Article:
truth... have YOU been there??!!
If you have, then you know what I mean.
Copulating couples everywhere in the creek, and the shoreline
littered with spent singles resting for another go. Single minded
fornicators so intent on their mission that a passing boat is
unnoticed unless it literally bumps into them.
We discovered the sea turtles mating ground
by dumb accident. In a mood to explore, we loaded up the dinghy
with fuel, water and portable sounder and motored from the second
arm, where we had found a tidy little hole of water just big
enough to swing 360 degrees and made our way back to the first
The northerlies were in and the arms off
the main creek gave the best shelter. A couple days before we
had come in late and anchored at the first arm, but the crowded
conditions and resulting cramped quarters had us looking for
a lower density neighbourhood. A glance up the first arm before
we moved on suggested it might be worth a squizz later so we
As we motored in our dinghy far past the
anchored boats at the big end of the arm, we began to notice
the spent bodies on the drying banks. Though short of water for
WhiteBird, there was plenty of water for our dinghy even far
up the arm.
The view was magnificent and distracting.
Suddenly, I noticed a collection of rocks ahead.....but wait...
those rocks were moving.....Before we realized what was going
on, we were surrounded by humping turtles. They didn't seem real
embarrassed at our presence but as we didn't want to spoil their
fun or hurt them, the motor was switched off and we drifted silently.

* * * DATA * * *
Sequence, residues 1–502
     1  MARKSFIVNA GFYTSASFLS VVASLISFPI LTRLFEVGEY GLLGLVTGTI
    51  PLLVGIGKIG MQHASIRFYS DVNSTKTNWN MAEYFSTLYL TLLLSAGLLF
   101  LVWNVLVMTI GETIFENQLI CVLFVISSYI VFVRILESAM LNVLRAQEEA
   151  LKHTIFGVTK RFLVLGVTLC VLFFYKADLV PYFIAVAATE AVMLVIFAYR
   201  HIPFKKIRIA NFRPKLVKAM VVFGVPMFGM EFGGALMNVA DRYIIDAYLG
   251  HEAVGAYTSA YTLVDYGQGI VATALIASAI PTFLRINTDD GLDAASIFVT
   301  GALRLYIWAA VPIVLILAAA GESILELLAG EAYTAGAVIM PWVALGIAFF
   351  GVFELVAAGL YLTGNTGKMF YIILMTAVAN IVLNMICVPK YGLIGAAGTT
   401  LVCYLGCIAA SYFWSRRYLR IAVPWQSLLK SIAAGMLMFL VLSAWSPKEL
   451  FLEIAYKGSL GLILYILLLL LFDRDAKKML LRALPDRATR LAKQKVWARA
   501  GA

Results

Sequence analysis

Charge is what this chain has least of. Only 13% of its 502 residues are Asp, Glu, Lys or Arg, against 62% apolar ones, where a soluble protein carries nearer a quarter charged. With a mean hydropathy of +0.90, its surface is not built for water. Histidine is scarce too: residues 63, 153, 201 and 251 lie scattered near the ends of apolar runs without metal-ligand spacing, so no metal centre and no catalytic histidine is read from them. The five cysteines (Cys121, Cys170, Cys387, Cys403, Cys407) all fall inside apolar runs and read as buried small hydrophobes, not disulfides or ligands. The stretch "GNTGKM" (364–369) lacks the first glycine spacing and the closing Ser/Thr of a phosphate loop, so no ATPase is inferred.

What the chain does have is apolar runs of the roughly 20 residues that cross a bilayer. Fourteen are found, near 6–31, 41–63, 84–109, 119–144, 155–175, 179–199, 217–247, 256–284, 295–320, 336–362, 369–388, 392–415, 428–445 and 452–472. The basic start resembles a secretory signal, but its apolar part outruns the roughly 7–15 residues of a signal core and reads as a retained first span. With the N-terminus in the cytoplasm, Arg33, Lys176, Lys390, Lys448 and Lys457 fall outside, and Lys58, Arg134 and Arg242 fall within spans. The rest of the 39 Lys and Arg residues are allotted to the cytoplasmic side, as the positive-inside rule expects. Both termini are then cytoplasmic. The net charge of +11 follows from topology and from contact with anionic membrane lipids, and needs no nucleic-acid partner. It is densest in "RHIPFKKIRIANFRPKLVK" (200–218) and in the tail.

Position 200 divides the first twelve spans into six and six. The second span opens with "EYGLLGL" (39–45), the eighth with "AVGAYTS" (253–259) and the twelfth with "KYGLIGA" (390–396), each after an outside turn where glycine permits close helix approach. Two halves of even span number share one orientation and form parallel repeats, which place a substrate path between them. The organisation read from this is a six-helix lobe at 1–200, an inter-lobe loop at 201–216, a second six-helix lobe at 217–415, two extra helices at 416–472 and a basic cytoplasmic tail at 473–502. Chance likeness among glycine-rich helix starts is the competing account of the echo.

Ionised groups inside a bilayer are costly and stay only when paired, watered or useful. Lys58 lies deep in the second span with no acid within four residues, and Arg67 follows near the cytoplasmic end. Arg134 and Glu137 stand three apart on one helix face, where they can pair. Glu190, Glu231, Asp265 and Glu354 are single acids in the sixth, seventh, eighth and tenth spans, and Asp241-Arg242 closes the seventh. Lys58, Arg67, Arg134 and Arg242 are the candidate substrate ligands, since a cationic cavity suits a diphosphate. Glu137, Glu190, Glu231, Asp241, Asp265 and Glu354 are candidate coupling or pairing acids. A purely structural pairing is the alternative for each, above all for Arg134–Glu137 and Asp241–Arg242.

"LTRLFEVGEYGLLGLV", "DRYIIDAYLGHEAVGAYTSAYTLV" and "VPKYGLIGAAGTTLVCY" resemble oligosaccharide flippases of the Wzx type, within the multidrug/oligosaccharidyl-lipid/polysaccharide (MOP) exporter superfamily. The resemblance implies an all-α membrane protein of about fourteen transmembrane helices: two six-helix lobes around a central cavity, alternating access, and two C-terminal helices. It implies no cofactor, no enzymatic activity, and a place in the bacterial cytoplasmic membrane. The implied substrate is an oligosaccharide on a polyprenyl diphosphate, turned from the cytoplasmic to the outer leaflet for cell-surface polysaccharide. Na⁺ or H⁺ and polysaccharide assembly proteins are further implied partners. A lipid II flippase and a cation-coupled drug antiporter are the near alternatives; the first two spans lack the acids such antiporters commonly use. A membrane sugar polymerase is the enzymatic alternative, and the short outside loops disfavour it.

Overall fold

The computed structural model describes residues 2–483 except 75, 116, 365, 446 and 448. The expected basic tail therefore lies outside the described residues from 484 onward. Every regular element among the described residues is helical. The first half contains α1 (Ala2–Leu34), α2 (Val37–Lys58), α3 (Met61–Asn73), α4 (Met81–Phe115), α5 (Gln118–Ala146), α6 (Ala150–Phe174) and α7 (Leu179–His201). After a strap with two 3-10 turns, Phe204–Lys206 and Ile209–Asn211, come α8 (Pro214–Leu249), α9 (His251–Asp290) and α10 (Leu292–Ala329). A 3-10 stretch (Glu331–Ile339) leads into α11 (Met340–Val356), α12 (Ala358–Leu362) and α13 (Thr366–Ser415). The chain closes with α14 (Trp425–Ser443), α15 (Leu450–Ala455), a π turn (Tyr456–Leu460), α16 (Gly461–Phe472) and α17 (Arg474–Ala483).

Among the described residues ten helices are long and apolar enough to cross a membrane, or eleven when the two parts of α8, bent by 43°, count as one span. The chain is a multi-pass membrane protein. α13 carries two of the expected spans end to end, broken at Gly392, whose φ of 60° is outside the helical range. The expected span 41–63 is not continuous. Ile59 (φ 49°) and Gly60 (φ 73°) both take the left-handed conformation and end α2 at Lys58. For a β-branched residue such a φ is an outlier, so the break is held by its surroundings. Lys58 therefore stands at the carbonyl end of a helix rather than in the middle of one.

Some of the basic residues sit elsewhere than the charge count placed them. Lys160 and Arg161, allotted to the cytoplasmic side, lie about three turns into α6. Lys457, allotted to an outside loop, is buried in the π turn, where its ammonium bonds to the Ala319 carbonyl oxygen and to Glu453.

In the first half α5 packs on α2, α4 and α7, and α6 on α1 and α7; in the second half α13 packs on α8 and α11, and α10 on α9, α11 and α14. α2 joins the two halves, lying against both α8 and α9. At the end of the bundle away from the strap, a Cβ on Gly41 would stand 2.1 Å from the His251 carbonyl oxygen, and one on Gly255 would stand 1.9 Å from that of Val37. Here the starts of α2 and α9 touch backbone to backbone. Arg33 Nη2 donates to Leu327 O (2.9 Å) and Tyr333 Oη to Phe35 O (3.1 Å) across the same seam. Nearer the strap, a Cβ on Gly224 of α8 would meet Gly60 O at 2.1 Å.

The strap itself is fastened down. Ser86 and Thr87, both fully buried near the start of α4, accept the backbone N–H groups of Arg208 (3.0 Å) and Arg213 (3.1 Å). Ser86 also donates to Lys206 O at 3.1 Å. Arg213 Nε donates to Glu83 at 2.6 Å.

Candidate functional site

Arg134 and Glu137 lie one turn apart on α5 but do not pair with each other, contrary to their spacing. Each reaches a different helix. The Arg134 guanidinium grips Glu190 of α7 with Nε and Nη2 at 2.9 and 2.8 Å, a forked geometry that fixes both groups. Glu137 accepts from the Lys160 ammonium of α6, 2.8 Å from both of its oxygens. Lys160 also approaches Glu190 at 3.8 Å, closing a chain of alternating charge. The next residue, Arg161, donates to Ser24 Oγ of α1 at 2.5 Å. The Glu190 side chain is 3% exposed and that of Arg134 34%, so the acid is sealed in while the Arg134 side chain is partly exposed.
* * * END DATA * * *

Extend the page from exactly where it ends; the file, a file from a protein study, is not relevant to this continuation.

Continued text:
Silently except for the bashing of shell against fibre glass
If you are in the area around September, don't just sit on your
boat at Island Head creek. Smear on a lethal dose of Areoguard
and go exploring. Raw nature is seldom so accessible.
Does the military know how important their
firing range is to the sea life on the coast??? Who's retarded
idea was it to use Port Clinton and Island Head Creek for target
practise anyway????? But I digress.
Where, How?? Etc...
Except when the military closes it off
to blow the hell out of it, Island Head Creek and environs is
the natural resting anchorage between the Keppel's and the southern
most of the Northumberlands, such as Hexham or the Percy's.
The northern entrance channel is easy to
locate against the rocks behind Island Head, but there isn't
much water. Keel boats will want to enter on a flood tide. The
southern channel is short of landmarks to guide but has more
water. Especially in a strong south east wind, I would use the
We found a deep hole at the junction of
the first arm and the main channel... too deep. The arms
are the place in a northerly. Especially at high tide when the
sand bank at the north end is covered, the main creek will rock
and roll. The anchorage just off the south entrance channel is
good to nip into from a south east wind but it's a shame to just
nip in for a quickie.